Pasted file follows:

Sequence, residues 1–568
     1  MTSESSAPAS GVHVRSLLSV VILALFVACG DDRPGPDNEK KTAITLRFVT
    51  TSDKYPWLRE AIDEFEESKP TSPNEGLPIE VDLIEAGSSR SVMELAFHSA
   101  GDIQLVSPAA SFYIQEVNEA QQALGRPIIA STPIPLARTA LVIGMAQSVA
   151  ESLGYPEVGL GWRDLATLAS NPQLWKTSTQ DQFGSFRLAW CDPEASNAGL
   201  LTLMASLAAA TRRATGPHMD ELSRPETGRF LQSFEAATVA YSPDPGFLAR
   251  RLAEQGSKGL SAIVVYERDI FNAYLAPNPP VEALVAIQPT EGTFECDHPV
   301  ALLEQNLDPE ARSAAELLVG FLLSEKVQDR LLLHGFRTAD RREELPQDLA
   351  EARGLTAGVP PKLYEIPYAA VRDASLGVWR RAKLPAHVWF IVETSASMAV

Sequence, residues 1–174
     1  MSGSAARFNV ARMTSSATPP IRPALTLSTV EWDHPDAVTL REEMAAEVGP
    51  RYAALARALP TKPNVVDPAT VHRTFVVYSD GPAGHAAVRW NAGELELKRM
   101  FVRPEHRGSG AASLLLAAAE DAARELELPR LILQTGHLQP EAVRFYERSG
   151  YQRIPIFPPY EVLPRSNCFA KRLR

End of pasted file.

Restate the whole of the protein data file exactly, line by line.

Sequence, residues 1–568
     1  MTSESSAPAS GVHVRSLLSV VILALFVACG DDRPGPDNEK KTAITLRFVT
    51  TSDKYPWLRE AIDEFEESKP TSPNEGLPIE VDLIEAGSSR SVMELAFHSA
   101  GDIQLVSPAA SFYIQEVNEA QQALGRPIIA STPIPLARTA LVIGMAQSVA
   151  ESLGYPEVGL GWRDLATLAS NPQLWKTSTQ DQFGSFRLAW CDPEASNAGL
   201  LTLMASLAAA TRRATGPHMD ELSRPETGRF LQSFEAATVA YSPDPGFLAR
   251  RLAEQGSKGL SAIVVYERDI FNAYLAPNPP VEALVAIQPT EGTFECDHPV
   301  ALLEQNLDPE ARSAAELLVG FLLSEKVQDR LLLHGFRTAD RREELPQDLA
   351  EARGLTAGVP PKLYEIPYAA VRDASLGVWR RAKLPAHVWF IVETSASMAV

Sequence, residues 1–174
     1  MSGSAARFNV ARMTSSATPP IRPALTLSTV EWDHPDAVTL REEMAAEVGP
    51  RYAALARALP TKPNVVDPAT VHRTFVVYSD GPAGHAAVRW NAGELELKRM
   101  FVRPEHRGSG AASLLLAAAE DAARELELPR LILQTGHLQP EAVRFYERSG
   151  YQRIPIFPPY EVLPRSNCFA KRLR